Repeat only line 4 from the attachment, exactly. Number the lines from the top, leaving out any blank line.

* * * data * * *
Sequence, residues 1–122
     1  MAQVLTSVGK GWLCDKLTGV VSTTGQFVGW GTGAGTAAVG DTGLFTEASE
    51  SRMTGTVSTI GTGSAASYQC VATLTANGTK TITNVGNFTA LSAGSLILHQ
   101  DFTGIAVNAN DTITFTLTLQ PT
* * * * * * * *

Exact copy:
   101  DFTGIAVNAN DTITFTLTLQ PT